The Simple Wild (The Simple Wild #1) by K.A. Tucker
Calla Fletcher was born in Alaska but her mother could not deal with living in the remote, cold area. She moved them back to Toronto when she was only two years old. Her husband and bush pilot, Wren Fletcher, refused to go with them, so eventually she divorced him and remarried. Calla used to talk to her father regularly until she was 14 and he didn’t show up for her graduation after promising he would be there. Calla is now 26 and received a phone call from Alaska telling her that her father has cancer and this might be her last chance to see her father. She decides to go and see him after a discussion with her psychologist stepfather. When she arrives, she is met by one of her father’s employees, Jonah, in a tiny plane that is too small to take her luggage. There is one disappointment after another, until Calla finally relaxes, gets to know her father and his friends and lets her guard down a bit.
The setting of Alaska is as much a character in this story as Calla, Wren and Jonah. I loved the descriptions of this remote area. Learning about the planes and how they are the lifeline for the various remote communities was very interesting. Calla had a lot of growing to do. She lived a pampered life in Toronto and she had to realize that there was more to life than lattes and fancy clothes. In fact, she didn’t have her clothes for most of her time there. Getting reacquainted with her dad wasn’t easy. It took some time, and gradually they came to understand each other. I liked the relationship she has with her mother and stepfather. She really relied on him for advice and guidance, which he didn’t really give her, he just provided her a sounding board. Then there is Jonah. He is ill-tempered, sneaky and rude to Calla for a large portion of the book, but they also reach an understanding that eventually becomes even more. There are some great themes in this book. It touches on family, both blood and chosen, cancer, grief and forgiveness. Of course there is also a slow, burning romance. I really enjoyed this story. I found it very realistic and believable. With well-developed characters, even the secondary ones, a nice pace and great plot, I thoroughly enjoyed this story. I recommend it to those who enjoy reading about a different place, different lifestyle, families, healthy issues and romance.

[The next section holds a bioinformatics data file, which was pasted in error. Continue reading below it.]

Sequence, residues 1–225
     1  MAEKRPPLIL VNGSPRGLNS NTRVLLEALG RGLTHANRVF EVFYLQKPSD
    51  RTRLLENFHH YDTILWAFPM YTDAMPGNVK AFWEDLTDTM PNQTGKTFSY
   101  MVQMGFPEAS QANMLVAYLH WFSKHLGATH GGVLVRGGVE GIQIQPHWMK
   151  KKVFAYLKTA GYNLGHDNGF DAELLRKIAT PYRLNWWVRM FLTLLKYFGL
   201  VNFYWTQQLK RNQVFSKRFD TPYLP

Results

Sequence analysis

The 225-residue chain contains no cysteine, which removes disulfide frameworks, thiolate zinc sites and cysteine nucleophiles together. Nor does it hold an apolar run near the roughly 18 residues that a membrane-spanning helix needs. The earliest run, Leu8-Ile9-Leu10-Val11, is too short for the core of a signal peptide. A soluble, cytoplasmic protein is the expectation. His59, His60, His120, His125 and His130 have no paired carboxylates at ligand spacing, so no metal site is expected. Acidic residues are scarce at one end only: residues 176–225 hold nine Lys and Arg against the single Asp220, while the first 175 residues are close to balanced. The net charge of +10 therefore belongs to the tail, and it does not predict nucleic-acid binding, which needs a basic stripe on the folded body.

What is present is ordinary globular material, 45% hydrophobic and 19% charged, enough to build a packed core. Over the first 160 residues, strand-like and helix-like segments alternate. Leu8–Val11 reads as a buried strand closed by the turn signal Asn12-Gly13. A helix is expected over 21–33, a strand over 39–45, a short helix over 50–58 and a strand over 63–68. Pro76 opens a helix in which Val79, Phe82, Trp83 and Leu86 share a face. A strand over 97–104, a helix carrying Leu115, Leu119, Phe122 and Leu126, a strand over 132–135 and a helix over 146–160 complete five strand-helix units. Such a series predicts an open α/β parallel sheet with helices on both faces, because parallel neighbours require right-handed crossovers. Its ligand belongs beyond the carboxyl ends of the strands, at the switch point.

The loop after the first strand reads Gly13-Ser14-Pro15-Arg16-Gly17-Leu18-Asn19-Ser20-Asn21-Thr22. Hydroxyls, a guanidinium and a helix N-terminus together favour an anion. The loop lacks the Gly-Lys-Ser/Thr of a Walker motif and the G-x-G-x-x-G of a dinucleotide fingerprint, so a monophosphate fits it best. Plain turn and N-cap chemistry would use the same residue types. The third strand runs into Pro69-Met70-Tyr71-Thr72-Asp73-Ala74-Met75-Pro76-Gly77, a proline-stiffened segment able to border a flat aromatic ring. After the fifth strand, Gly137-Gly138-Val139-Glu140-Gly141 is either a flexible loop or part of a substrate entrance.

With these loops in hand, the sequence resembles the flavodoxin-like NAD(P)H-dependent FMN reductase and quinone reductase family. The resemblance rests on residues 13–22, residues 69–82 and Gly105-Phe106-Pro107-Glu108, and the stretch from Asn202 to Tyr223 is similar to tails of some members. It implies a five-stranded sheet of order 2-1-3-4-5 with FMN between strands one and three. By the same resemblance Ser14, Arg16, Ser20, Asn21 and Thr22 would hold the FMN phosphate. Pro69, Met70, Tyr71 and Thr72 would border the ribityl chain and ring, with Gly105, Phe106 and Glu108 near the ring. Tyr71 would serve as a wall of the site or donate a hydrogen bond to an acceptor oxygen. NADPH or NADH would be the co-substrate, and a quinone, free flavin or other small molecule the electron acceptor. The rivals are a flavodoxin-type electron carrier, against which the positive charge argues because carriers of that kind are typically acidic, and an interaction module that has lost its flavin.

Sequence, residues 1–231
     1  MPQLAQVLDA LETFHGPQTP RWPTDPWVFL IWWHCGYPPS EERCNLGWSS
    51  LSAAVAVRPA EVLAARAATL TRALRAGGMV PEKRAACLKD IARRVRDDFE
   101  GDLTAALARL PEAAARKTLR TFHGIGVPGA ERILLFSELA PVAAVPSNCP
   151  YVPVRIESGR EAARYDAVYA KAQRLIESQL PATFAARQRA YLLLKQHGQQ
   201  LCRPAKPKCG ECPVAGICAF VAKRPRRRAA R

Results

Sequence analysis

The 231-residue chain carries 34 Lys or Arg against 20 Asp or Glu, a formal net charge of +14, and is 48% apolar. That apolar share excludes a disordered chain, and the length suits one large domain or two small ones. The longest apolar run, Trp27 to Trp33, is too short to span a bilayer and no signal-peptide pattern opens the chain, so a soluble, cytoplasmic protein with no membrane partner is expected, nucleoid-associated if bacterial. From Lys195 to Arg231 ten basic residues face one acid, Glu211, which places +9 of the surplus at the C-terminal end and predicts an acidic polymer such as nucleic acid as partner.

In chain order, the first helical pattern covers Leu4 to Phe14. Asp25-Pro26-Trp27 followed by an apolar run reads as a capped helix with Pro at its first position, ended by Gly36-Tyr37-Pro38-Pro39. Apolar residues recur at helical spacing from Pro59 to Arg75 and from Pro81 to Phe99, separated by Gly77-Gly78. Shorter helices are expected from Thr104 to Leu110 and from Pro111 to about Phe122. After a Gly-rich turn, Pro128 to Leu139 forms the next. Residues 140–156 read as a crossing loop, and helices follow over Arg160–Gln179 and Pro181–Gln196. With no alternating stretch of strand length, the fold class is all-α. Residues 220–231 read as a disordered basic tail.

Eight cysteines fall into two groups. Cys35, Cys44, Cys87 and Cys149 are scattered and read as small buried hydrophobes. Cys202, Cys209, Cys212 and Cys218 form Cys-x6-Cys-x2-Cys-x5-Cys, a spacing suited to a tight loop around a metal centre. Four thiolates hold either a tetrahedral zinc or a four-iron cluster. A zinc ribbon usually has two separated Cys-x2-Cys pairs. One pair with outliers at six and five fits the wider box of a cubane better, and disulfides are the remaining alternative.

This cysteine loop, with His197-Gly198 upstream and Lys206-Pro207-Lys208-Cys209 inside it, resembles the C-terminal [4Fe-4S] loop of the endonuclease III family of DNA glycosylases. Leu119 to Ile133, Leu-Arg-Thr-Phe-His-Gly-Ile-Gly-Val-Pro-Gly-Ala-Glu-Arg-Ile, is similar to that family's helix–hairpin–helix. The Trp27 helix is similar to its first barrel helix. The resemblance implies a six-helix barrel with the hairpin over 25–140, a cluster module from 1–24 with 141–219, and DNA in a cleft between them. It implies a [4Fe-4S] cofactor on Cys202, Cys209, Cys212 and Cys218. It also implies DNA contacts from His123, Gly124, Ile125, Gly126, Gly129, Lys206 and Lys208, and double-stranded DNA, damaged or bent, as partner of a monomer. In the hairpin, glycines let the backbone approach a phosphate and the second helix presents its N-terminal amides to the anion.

Misfits (Royal Academy Rebels #1) by Jen Calonita
Royal Academy Rebels is a spinoff from Jen Calonita’s Fairy Tale Reform School series. I have been enjoying that series and thought I would give this one a try. I have to say that I did not enjoy this one as much, but it was still a good read. The protagonist in this series is Devin. She is from royal lineage and has been invited to attend the Royal Academy. She has the ability to communicate with animals and that is something that is very important to those who rule Enchantasia. She does not want to be there, has refused to read the princess manual she was sent and is a bit of a rebel. Of course, this causes problems to those running the school, specifically Headmistress Olivina, a fairy godmother.
Devin is a sarcastic, lovely and likeable character. She is not the normal or average princess, but immediately attracts a following. There is a lot of action in the story right from the start and secrets to be revealed. There are some interesting fairytale elements added into the plot. I do like the idea of girl power. She does not want to be rescued by a prince, but takes the bull by the horns when there is a problem. This is a good MG story showcasing that women can save themselves, they do not need to depend on men. It is also just a fun read.